At the time, the Italian Communist party (PCI) asked similar questions. They contended that freedom from work and the universal wage could be a revolutionary demand only if it were universalized — extended to all people across the globe without exception. It was a prospect that was, at least at that moment, totally unfeasible. In the absence of that universality, the demand to receive a livable salary without having to work for it merely displaced the obligation to work onto other workers beyond Italy’s borders: people in China, for instance, would make cars and grow cabbages, and the people in Italy would stay home and play cards, as Bennett Carpenter, a doctoral candidate in the Literature Department at Duke recently put it in an email to me. This, the PCI said, was bourgeois privilege masquerading as radicalism, and I think they were at least partially right. While “precarity” can successfully bring together various constituencies under one umbrella, shifting the locus of community away from a shared identity and towards a unity forged through a resistance to the terrors of neoliberal capitalism, it can also efface the differences between these groups and once again displace the struggles of the poor.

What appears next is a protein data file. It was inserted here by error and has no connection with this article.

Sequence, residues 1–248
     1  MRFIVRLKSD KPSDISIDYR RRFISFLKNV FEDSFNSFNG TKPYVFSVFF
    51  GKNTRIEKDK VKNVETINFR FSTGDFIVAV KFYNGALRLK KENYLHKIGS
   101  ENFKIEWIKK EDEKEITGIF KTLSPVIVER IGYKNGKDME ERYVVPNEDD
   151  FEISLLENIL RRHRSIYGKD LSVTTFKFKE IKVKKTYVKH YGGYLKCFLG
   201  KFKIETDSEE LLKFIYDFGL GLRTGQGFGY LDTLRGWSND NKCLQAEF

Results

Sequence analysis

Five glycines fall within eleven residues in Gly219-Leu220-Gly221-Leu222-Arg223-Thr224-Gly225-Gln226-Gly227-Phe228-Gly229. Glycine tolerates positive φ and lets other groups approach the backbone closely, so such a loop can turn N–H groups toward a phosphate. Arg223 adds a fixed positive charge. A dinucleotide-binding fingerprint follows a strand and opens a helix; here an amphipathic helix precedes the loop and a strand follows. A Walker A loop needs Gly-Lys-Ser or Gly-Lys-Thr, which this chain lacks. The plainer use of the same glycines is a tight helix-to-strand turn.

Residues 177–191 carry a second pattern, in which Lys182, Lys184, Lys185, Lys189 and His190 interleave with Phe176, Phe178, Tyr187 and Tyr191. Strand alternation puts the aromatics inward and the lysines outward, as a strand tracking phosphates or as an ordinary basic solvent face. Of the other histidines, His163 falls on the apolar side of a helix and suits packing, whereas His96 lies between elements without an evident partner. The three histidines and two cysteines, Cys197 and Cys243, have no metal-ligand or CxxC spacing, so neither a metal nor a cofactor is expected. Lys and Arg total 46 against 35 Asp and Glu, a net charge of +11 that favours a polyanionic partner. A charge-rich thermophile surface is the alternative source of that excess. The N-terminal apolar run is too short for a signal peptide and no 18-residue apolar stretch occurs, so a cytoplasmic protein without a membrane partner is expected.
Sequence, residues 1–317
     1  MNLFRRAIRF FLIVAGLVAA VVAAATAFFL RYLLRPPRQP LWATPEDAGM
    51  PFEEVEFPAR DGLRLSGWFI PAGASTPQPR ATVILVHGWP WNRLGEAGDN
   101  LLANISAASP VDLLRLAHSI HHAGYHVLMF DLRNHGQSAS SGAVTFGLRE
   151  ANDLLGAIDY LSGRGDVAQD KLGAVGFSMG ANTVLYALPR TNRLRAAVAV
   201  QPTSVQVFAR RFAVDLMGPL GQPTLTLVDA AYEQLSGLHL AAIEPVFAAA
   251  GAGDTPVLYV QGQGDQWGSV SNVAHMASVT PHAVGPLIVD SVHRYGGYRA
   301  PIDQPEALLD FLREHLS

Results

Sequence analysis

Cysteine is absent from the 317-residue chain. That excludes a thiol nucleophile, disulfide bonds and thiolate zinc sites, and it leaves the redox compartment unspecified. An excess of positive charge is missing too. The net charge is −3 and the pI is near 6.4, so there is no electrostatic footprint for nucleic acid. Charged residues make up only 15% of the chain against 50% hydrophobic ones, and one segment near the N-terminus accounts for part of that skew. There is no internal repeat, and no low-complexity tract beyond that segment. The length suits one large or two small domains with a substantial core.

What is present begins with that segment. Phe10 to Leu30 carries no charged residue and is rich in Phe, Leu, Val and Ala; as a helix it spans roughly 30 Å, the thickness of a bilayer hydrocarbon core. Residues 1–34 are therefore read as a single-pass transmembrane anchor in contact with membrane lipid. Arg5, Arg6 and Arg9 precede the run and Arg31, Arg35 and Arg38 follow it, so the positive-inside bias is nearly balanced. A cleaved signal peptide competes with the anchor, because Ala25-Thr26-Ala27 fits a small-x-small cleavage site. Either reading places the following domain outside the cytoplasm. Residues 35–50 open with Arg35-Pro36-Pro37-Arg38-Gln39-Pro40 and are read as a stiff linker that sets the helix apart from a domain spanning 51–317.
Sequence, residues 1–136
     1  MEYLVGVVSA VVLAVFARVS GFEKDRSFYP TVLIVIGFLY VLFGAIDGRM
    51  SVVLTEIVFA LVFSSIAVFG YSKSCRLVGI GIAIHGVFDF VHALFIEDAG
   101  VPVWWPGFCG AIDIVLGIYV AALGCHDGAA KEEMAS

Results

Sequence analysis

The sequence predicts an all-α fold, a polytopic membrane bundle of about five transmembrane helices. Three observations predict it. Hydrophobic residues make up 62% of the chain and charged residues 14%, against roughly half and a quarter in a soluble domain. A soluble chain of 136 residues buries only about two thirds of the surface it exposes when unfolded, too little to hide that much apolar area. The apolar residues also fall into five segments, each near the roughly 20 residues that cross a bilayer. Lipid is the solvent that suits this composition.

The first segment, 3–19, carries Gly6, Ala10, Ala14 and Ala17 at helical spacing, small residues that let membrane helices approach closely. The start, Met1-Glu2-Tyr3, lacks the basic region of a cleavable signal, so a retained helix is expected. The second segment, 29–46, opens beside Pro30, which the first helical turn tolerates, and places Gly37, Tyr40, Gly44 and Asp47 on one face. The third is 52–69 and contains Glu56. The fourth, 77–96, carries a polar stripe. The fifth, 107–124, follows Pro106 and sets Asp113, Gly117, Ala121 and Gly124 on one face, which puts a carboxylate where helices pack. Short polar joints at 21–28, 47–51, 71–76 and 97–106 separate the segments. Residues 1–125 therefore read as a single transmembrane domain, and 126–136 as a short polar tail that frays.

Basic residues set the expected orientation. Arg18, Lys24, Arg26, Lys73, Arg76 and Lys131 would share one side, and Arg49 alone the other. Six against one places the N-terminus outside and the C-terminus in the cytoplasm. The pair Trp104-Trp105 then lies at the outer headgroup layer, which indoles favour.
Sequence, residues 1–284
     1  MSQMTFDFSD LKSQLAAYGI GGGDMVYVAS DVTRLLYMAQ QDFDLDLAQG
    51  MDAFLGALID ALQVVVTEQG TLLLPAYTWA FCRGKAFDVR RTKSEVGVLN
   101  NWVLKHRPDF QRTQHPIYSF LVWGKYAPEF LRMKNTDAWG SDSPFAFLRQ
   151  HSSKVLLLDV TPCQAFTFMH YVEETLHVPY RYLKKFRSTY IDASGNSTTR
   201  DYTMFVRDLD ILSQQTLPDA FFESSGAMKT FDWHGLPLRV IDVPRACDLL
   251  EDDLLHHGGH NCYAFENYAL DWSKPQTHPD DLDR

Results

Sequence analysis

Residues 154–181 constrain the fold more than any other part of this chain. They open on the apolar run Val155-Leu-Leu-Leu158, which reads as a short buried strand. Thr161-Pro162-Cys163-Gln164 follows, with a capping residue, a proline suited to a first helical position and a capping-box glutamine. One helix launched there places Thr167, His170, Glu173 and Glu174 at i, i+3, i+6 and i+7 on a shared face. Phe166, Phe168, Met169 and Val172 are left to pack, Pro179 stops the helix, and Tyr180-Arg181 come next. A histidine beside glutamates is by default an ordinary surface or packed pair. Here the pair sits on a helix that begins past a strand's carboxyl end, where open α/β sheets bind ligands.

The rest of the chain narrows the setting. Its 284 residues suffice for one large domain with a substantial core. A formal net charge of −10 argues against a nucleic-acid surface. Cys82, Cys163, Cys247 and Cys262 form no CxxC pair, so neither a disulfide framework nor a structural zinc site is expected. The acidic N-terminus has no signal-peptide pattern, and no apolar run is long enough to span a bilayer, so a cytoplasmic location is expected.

Even a brief survey of current uses of the term in high, low, and middlebrow mainstream media bears out this risk. In a recent manifesto-style post about capitalism and anxiety, the authors qualify their discussion of the shift away from capitalist-induced boredom by writing,

The discussion here is not fully relevant to the global South… The South has experienced a particular variety of precarity distinct from earlier periods: the massive forced delinking of huge swathes of the world from global capitalism (especially in Africa), and the correspondingly massive growth of the informal sector, which now eclipses the formal sector almost everywhere.

While I applaud the injunction against false universalizing in favor of cultural, historical, and national specificity, it proves an harbinger of less-understandable exclusions.